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The Leicester branch of the University and College Union (UCU) has described his appointment as “an insult to students and employees”.
It was under Willetts’ watch as Minister for Science and Universities that tuition fees were trebled to £9,000 a year – the most expensive in the world. And it was under his government that a whole raft of vicious marketisation policies were unleashed on higher education.
But, in addition to his association with a hateful Tory government, the appointment of Willetts – a Conservative peer – is also likely to turn stomachs because of his divisive personal views. Back in 2011, Willetts came under fire for arguing that social mobility between classes had stagnated because women, who would otherwise have been housewives, were preventing working class men from attaining well-paid jobs – crassly stating that “Feminism trumped egalitarianism”.
He has also been an outspoken supporter of the hyper-inflated salaries of Vice Chancellors. The average take-home salary of a VC, including pension contributions, is in excess of £280,000 – more than ten times the national average wage!
Little wonder then that Paul Boyle, the Vice Chancellor of Leicester University who rakes in more than a quarter of a million quid a year, has spoken out in support of Willetts’ appointment. Boyle stated:
We are delighted that David has accepted the role of Chancellor. He brings a wealth of experience in higher education, as well as public and political life, which will be enormously beneficial to the University.
Only two years back, Boyle was awarded a £53,000 pay rise – whilst staff in his departments faced real terms pay cuts. Certainly with Willetts on the payroll, Boyle has a reliable supporter of growing income inequality.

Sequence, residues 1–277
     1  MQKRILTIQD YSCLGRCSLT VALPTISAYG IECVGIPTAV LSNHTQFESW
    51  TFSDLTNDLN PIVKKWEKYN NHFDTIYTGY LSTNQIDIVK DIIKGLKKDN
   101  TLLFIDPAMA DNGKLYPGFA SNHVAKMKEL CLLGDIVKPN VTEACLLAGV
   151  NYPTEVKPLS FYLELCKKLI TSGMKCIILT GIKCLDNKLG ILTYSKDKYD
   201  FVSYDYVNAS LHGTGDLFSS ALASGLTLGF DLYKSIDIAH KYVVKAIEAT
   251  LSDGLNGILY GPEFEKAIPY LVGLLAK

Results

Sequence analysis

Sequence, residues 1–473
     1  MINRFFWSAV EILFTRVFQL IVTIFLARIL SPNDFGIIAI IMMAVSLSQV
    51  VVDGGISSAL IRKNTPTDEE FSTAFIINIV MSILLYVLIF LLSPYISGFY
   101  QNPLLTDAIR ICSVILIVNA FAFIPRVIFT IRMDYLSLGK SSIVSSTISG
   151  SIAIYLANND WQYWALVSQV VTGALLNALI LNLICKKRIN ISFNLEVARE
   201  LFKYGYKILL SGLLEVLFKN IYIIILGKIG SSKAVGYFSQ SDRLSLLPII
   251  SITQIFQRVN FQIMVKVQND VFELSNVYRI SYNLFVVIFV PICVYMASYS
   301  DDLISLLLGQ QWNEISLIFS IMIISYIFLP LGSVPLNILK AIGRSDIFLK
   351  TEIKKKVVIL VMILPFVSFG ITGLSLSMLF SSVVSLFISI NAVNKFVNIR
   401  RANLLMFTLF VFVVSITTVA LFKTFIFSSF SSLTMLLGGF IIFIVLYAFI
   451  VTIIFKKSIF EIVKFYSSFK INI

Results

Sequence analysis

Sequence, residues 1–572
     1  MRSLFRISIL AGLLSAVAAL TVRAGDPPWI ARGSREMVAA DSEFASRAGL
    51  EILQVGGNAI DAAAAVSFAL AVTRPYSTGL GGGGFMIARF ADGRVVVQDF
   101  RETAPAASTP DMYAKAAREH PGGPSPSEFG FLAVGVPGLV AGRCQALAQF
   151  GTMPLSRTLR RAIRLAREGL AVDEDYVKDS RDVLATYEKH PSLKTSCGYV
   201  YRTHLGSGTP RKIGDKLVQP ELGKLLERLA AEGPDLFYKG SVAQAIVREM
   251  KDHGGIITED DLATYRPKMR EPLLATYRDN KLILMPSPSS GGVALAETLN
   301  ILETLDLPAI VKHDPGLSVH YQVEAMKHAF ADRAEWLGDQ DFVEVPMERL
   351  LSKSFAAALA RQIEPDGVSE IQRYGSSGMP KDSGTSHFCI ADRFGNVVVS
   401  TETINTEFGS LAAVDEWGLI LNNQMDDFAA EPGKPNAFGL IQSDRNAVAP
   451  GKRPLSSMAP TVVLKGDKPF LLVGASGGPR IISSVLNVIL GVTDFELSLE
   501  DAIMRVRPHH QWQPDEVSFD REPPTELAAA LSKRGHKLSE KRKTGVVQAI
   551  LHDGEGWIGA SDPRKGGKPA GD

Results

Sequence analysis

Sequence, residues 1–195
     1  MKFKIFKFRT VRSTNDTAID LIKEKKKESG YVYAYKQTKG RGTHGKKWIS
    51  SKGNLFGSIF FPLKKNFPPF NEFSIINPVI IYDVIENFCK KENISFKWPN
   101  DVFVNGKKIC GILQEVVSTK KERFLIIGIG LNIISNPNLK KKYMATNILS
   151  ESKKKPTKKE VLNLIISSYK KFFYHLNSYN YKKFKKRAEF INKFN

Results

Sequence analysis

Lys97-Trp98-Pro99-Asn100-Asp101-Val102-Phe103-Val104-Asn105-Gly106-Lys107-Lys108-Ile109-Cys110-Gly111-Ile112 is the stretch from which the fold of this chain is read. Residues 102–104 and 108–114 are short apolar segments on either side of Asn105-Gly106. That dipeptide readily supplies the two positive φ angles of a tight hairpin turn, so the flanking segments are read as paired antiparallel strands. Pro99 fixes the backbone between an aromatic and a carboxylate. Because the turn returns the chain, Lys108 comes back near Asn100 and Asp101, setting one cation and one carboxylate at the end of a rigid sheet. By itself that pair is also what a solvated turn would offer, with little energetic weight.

Fightback against education cuts
Striking back against the appointment, Leicester UCU released a damning statement the following morning:
The University of Leicester yesterday announced the appointment of David Willetts as its new Chancellor. The former MP (and now peer) was until 2014 Minister for Science and Universities. He was the minister responsible for the tripling of university tuition fees to their current level of £9000 – an amount he described as “fair and affordable”.
The Lord Willetts’s appointment to Chancellor is an insult to our students and to University of Leicester employees – as was the award of honorary degree to him in 2016. Students are paying more than ever for their education and, as a result of the fee regime introduced by Lord Willets, can now expect to graduate with £50,000 of debt. University staff are being paid less and less.
Lord Willetts is also infamous for his 2011 statement that social mobility between classes had stagnated because women who would otherwise have been housewives were going to university and that, as a result, well-paid jobs that could have gone to ambitious working-class men were now being taken by women. To appoint a man with such opinions to the prestigious role of Chancellor of University of Leicester makes a mockery of the University’s role as a ‘global impact champion’ of the United Nations’ HeForShe initiative.
As the statement suggests, Willetts’ selection as Chancellor should not be seen in isolation. In fact, his appointment is entirely consistent with the neoliberal policies which are currently being imposed on our universities. The main aim of this approach is to deliver profits rather than quality services – a lamentable situation for which successive New Labour and Tory governments must be held responsible.